ELF Honda

ELF Honda motorcycle
Between 1981 and 1983, Honda’s outlandish ELF prototypes competed in the World Endurance Championships, generating a slew of patents for Honda—including one for a single-sided rear swingarm. Fast but unreliable, the machines were created by Renault designer Andre de Cortanze, who was a keen endurance rider as well as an accomplished automobile designer. Known as the “ELFe”, the bikes raced at the Bol d’Or and Le Mans 24 Hours; this particular machine was rebuilt in 2008 by the French restoration experts Kerlo Classic, in collaboration with former racer Hubert Rigal. For more on the history of the ELF bikes, check out this retrospective on the excellent Motorsport Retro website. [Images by Bruno des Gayets.]

ELF Honda motorcycle
ELF Honda motorcycle
ELF Honda motorcycle

  • http://www.b77.ro bogdan d

    The Honda’s credo was “the power of nightmares” back in the 80’s, i guess… that’s what happens if you work with Renault designers :)
    But the technology put into this bike is quite interesting.

  • http://knsweb.net kumo

    Nice and futuristic. That single forks…

  • http://www.firstgenerationmotors.blogspot.com Emmet

    Give us a close up of the single sided leading link front suspension, please!! What an exciting design considering it came out of the 80’s.

  • KIK

    I have no clue of what im looking at. …designed by lego?

  • Hiwatt Scott

    Wow! That’s what I like to see: neat little corners in the history of Motorcycles.

  • Skip W

    This bike represents a time in bike design which i’d rather forget. The early 80’s was the era when aerodynamics ruled – car and bike designers became slaves to the wind tunnel and, sadly, beautiful machines were clad in acres of plastic and glass-fibre. Who could forget the Ducati Paso, a futuristic bike that looks so ‘passe’ so quickly. I love the shot of it without the fairing, but having said that, without all that plastic, it would have been even less adept as an endurance racer.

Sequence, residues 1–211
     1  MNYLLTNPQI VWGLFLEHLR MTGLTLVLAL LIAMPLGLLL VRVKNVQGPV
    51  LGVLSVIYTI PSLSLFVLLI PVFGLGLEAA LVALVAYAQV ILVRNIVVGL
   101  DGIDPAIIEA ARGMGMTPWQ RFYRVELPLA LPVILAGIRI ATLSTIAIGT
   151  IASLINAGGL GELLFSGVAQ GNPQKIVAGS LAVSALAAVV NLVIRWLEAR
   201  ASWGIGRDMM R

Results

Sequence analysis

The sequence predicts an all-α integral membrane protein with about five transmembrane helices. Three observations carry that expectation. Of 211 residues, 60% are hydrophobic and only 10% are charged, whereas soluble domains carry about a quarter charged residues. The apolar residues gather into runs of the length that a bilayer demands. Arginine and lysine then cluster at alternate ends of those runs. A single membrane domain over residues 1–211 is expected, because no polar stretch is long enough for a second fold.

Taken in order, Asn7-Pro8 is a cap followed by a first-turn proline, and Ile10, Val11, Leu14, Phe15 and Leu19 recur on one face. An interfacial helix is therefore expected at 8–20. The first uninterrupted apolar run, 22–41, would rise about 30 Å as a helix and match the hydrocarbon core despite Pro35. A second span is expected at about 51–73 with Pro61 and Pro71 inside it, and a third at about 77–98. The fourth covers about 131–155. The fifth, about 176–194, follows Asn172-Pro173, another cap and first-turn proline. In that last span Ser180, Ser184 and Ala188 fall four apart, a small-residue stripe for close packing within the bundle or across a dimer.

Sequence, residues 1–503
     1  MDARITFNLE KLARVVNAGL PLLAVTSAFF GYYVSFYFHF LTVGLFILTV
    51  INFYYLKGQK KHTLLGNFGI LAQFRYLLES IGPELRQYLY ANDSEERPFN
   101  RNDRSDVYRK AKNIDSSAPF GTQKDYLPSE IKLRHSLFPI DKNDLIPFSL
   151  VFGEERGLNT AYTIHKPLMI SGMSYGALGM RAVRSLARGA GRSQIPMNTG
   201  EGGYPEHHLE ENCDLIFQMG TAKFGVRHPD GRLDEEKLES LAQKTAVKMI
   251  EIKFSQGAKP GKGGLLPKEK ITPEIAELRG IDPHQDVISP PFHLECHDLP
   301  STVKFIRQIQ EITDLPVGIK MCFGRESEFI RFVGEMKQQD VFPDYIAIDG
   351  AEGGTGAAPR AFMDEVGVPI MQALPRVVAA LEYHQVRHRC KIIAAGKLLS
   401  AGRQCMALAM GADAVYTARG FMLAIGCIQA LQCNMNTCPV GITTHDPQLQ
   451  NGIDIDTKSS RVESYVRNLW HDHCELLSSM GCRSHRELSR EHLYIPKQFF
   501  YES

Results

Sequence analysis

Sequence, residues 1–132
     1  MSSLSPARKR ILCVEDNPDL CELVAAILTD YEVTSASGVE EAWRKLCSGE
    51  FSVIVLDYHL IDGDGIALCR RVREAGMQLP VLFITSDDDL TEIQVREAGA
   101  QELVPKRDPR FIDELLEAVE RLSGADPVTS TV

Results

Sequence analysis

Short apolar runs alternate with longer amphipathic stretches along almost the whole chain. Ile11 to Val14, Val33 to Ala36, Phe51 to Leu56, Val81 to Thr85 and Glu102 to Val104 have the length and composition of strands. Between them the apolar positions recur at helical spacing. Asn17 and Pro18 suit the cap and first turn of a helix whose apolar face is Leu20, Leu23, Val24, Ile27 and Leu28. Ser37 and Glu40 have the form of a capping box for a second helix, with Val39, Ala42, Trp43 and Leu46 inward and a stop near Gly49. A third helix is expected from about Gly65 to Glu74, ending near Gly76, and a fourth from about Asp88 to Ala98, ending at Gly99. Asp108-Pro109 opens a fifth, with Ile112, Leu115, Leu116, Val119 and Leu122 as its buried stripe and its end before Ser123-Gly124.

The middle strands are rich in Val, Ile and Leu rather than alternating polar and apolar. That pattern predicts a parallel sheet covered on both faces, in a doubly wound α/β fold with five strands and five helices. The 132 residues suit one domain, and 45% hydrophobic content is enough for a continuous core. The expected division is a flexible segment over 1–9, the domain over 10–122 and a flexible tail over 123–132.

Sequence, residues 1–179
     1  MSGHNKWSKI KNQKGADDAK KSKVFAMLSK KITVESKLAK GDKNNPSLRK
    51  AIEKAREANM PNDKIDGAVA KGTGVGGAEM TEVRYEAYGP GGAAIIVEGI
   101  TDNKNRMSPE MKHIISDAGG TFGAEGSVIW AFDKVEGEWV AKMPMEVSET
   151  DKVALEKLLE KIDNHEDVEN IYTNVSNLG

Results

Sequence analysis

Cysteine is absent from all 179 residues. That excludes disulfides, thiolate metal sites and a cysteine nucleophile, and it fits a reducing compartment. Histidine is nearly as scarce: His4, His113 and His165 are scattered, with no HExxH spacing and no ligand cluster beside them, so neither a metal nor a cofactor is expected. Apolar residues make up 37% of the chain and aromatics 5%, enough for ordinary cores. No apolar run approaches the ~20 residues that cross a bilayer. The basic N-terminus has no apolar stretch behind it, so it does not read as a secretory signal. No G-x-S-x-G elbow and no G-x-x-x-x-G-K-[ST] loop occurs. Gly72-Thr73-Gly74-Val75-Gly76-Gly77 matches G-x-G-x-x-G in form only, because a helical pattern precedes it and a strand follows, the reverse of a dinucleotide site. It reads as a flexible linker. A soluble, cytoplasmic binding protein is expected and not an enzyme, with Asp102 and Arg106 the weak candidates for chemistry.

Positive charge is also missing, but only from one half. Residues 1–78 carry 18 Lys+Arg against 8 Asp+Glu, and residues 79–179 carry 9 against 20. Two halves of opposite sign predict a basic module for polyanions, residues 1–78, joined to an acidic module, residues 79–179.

• Adam jenkins

    please post a picture of the other side of the bike with and without plastic! i want a good look at the front/rear suspension

  • Ddavis

    If I remember correctly, Tony Foale’s book has some good detail on the Elf hondas.

    http://www.tonyfoale.com/

    If you’re honestly interested in real chassis science and some really good reference, it’s a good read. It’s been about 8 years since I read through it. It’s pretty danged cool.

  • http://www.bikeexif.com Chris

    I’ve uploaded an image of the bike showing the suspension. There’s a whole bank of shots on the Kerlo Classic web page:

    http://www.kerloclassic.com/kerlo-restauration-1.php?id=18&idref=1

  • mingh

    awesome. The engineering creativity and fairings are sign-of-the-times. That’s why we need Bike Exif, to show us the jewels of any era in motorbiking. More of this please Chris rather than yet another string of lukewarm customs made by anyone with half an idea and some welding skills.

  • http://ridethetorquecurve.blogspot.com/ hoyt

    It is interesting to note the amount of weight that is dropped from the chassis with many alt front-ends, meanwhile the actual unsprung weight on the front wheel is typically higher with many of these designs.

  • Duane

    I believe the patents are/were held by Elf. Honda uses the Pro-Arm (single-sided swingarm design) under licence from them. Guy Coulon invented it when he was crew chief for Elf’s endurance team. He’s now Colin Edwards crew chief on the Tech3 GP team.